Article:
Mexico’s Answer to Parmesan

My friend, Saul, who grew up one of nearly a dozen children without electricity or running water on a farm some 45 minutes from the nearest village in Mexico, once brought me back from a visit with his parents a chunk of cheese his mother had made. Of course it was raw, of course it was artisanal — not in the self-congratulatory way of the contemporary foodie, but in the “what other way is there?” way of the peasant farmer.

"Mr. Chicharron, we're ready for your close up."

“Mr. Chicharron, we’re ready for your close up.”

Not only was it a thoughtful and generous gift — it was delicious, with a grassy freshness pairing with a slightly tart complexity reminiscent of bufala mozzarella, a characteristic more often more evident in raw cheeses.

For more than a month, I cherished the cheese — doling out small bites to worthy friends and family, tucking slices into my Mexican cuisine. And I mourned when it was gone.

In addition to delighting me for that month, it made me rethink my beliefs on Mexican cheese. And on various subsequent visits to Mexico, I have sampled a wide variety of fresh and aged regional cheeses, all delicious.

One of my favorites, which is widely available in markets north of the border, is queso cotija. It is, essentially, Mexico’s answer to parmesan — a salty, aged cheese that can be crumbled over tacos, enchiladas or chilaquiles, or melted as a toothsome addition to quesadillas or queso fundido. Even gringo applications would benefit from queso cotija — try crumbling some over a salad as a less-sheepy alternative to feta.

I always know a food is going mainstream when it shows up at Trader Joe’s. (Or, in the case of Mexican foods, that it’s going gringo.) So I wasn’t totally surprised, after using it for years and singing its praises, to find queso cotija in the cheese aisle at TJ’s.

All of this provides a nice lead up to talking about my new and current favorite taco — I’ve had them three days in a row for lunch. I can’t remember where I first saw or heard about them, but tacos de chicharrones combine tangy tomatillos, spicy jalapeños and sweet onion with the porky goodness of their namesake ingredient — chicharrones, whose trademark crunch is tamed into a chewy, toothsome confection.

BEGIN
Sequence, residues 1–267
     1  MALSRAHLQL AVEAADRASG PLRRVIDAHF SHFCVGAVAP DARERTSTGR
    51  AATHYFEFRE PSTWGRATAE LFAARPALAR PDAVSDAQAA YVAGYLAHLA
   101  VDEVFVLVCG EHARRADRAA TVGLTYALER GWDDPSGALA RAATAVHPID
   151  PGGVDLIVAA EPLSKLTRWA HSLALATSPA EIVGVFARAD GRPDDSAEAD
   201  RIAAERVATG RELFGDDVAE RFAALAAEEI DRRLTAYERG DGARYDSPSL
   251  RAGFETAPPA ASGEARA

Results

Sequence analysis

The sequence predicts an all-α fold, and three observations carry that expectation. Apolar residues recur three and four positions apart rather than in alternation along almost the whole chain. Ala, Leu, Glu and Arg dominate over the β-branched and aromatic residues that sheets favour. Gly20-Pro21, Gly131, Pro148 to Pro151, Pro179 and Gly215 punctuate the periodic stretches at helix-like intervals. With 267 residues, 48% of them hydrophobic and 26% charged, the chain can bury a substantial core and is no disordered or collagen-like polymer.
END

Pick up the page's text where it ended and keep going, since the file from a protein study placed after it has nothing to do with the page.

And, best of all, they are perhaps the best showcase for queso cotija I can think of. The tart, briny brightness of the cheese perfectly offsets all the above ingredients. Like the best dishes, each component stands out on its own, and yet complements the others to create a focused, unified whole. Mmmmm.

Por favor, enjoy!

*    *    *

Tacos de chicharrones
serves 4

2 oz. chicharrones (about 2 cups)
4 large tomatillos, roughly chopped
1/4 cup slivered white onion
1/4 cup chopped white onion
1/2 cup chopped cilantro
1 tbsp. lard or olive oil
8 tortillas
1/2 cup crumbled queso cotija
salt & pepper to taste

Heat oil over medium heat in a large skillet. Add tomatillos, slivered onion and 1/4 cup cilantro. Saute for about 2 minutes, until onions and tomatillos begin to brown. Add 1/4 cup water and reduce heat to medium low. Continue cooking, pressing down on mixture with spatula or wooden spoon, until soft and thoroughly incorporated, about 5 minutes. Crumble up chicharrones with your hands and stir into tomatillo mixture.

Push mixture to the side of the pan, add another teaspoon of oil if the pan seems dry, and cook the tortillas about 1 minute per side, until soft (you should be able to get 2 or 3 tortillas in the pan at a time).

Remove pan from heat. Toss together remaining 1/4 cup cilantro and 1/4 cup chopped onion. Spoon the chicharrones mixture into the tortillas evenly. Top each with some onion and cilantro, and sprinkle with queso cotija. Serve with a cold Mexican beer or a margarita.

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9 Comments (+add yours?)

  1. Andrea Cleall
    Feb 28, 2015 @ 20:08:50

    That dies it! I’m coming down.

    Reply

  2. Andrea Cleall
    Feb 28, 2015 @ 20:09:17

    sorry, I meant DOES it!

    Reply

    • scolgin
      Feb 28, 2015 @ 20:48:14

      Yeah, I don’t want to see “dies”!!! LOL

      If you plan a visit at the right time, you can see either Flynn and Willa in the school play, or one of Flynn’s baseball games!

      Reply

  3. Michelle
    Mar 01, 2015 @ 02:53:06

    Wow, what a nice gift.

    Reply

  4. richardmcgary
    Mar 01, 2015 @ 04:05:10

    We love cotija cheese and use it in a variety of dishes. 🙂

    Reply

  5. Trackback: Year of the Taco | skinny girls & mayonnaise
  6. Trackback: East L.A. Road Tripping | skinny girls & mayonnaise

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